As part of its eighth annual Worldwide User Conference devoted to 3D laser scanning in San Ramon, California, USA (near San Francisco), Leica Geosystems successfully launched a program devoted specifically to the law enforcement and public safety community. The event drew law enforcement agencies and forensic professionals from around the United States and the world over a four day period October 24-27, 2010.
Of special interest was the seven-hour “live fire” shooting reconstruction workshop titled “3D Laser Scanning of Shooting Scenes and Trajectories” taught by Mike Haag of the Albuquerque Police Department’s Major Crime Scene Team. Mr. Haag has used the Leica ScanStation on dozens of cases for shooting reconstruction and he is a Distinguished Member of the Association of Firearms and Tool Mark Examiners. Over 30 law enforcement professionals attended this class on a very rainy and wet Sunday at the Contra Costa County Sheriff’s Department who provided their facility. The weather didn’t inhibit the operation of the Leica ScanStation C10 or the enthusiasm of the class which learned the fundamentals and best practices of shooting incident reconstruction and trajectory measurement using 3D laser scanning.
The Leica Geosystems ScanStation C10 is an easy-to-use, compact and portable 3D laser scanner that measure 3.5 million points at a scene in less than two minutes in any lighting conditions. The system does not require any special eye protection when used, is robust and captures the leveled survey-quality data required for accurate crime scene reconstruction and analysis.
In recent years many public safety agencies across a broad spectrum of law enforcement—County Sheriff’s departments, metropolitan police agencies and state investigative agencies—have acquired Leica ScanStations and now deploy them regularly for a wide range of tasks, including crime scene investigation, officer involved shootings and threat assessments of buildings and other infrastructure. Increasingly, criminal prosecutors are relying on compelling images and animations created with the system to present evidence to juries and to effectively counter the so-called “CSI effect.”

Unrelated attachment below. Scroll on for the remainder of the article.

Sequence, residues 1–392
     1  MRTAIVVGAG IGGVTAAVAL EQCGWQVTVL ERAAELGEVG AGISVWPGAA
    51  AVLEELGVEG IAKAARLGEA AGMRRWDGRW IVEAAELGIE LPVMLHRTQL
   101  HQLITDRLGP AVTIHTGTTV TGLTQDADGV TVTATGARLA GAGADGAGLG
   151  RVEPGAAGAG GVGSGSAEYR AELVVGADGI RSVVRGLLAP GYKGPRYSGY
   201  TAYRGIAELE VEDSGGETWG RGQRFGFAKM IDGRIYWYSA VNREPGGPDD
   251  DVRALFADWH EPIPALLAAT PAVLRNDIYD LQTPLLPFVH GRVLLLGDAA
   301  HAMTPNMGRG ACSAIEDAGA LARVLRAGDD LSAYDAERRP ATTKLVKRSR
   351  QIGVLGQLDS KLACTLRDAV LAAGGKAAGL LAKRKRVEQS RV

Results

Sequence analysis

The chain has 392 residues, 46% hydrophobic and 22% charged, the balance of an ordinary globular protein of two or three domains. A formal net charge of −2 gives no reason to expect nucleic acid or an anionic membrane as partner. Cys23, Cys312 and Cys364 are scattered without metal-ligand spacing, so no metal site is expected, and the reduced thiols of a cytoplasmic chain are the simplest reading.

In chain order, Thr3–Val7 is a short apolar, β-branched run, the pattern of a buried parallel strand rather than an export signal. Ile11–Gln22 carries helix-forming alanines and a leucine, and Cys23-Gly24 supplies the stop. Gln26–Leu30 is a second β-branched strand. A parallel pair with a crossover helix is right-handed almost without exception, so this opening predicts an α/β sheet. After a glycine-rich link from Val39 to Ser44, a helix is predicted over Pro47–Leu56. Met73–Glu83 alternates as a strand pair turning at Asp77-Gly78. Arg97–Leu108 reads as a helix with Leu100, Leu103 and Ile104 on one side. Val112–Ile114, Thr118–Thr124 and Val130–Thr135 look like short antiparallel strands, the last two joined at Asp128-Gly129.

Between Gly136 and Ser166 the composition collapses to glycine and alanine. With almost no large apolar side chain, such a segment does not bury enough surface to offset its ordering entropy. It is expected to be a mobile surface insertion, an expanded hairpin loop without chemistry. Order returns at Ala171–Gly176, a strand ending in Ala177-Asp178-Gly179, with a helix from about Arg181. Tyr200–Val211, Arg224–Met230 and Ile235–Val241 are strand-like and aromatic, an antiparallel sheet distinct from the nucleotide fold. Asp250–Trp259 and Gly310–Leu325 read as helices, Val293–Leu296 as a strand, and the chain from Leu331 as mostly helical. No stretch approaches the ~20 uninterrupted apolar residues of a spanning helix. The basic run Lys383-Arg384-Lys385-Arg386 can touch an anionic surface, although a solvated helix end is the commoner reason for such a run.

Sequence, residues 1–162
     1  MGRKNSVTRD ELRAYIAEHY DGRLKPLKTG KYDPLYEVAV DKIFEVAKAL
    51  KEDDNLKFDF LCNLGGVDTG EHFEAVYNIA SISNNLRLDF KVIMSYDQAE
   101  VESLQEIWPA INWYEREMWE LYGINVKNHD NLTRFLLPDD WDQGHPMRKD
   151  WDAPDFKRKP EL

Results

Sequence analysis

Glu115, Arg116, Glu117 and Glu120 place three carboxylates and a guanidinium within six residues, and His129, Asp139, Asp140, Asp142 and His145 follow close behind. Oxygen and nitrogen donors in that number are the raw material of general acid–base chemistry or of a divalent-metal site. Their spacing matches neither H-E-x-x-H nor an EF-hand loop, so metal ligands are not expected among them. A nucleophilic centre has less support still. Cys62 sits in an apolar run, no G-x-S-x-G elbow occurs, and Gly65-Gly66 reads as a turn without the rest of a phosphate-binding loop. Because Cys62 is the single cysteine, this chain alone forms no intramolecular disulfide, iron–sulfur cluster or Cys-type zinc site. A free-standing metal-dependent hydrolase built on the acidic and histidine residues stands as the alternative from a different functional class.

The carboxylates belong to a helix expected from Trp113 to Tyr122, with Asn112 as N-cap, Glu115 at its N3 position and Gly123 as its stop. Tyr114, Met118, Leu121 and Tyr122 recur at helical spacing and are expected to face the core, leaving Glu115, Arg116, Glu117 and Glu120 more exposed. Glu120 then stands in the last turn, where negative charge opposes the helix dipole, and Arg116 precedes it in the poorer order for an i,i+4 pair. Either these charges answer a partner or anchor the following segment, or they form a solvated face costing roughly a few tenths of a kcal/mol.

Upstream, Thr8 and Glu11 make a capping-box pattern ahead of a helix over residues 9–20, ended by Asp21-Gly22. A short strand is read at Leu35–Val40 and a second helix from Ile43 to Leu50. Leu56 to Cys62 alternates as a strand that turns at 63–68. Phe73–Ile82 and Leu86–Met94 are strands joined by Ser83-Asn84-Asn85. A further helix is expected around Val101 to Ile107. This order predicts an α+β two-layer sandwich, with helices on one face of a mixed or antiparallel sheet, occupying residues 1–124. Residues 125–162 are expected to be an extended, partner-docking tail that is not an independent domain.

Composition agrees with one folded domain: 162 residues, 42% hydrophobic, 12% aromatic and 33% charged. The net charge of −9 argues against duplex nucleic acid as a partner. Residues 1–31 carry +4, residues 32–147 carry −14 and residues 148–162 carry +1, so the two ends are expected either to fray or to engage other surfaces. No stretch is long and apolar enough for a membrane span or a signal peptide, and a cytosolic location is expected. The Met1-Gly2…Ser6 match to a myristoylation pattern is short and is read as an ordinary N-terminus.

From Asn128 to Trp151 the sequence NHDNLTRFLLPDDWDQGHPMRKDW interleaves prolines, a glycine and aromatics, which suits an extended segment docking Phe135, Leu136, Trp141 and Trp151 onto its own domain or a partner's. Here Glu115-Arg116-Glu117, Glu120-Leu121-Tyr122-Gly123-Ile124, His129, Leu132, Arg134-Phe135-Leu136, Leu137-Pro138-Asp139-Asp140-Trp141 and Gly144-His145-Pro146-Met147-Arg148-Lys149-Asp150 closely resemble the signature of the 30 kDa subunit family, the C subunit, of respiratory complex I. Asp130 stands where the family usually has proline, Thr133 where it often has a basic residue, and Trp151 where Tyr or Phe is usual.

Dr. John DeHaan, of California-based Fire-Ex Forensics, Inc. an internationally recognized expert in his field and the author of Kirk’s Fire Investigation was the first speaker in the general session with a presentation titled “Documenting Fire and Explosion Scenes with Leica ScanStation Technology.” After guiding the audience through multiple cases including a home destroyed by a gas leak and an ambulance (VBIED) rigged with an explosive device as a test exercise Dr. DeHaan itemized 11 significant benefits and advantages of Leica’s ScanStation technology over other methods.
“Based on the recent, extremely rapid uptake of HDS for forensics and homeland security applications,” explained Tony Grissim, Leica Geosystems Public Safety and Forensic Accounts Manager, “the launch of a dedicated law enforcement track at this year’s conference demonstrates how seriously Leica Geosystems is committed to serving the needs of the law enforcement community.” Grissim added that portions of the program were recorded and will be available on Leica’s forensic web site at www.leica-geosystems.com/us/forensic
Leica Geosystems—when it has to be right.
With close to 200 years of pioneering solutions to measure the world, Leica Geosystems is trusted by professionals worldwide to help them capture, analyze and present spatial information. The company is best known for its broad array of products that accurately capture, model quickly, analyze easily, visualize and present spatial information. Based in Heerbrugg, Switzerland, Leica Geosystems is a global company with tens of thousands of customers supported by more than 3,500 employees in 28 countries and hundreds of partners located in more than 120 countries. Leica Geosystems is part of the Hexagon Group, Sweden.
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For further information regarding the use of HDS for Accident Investigation contact: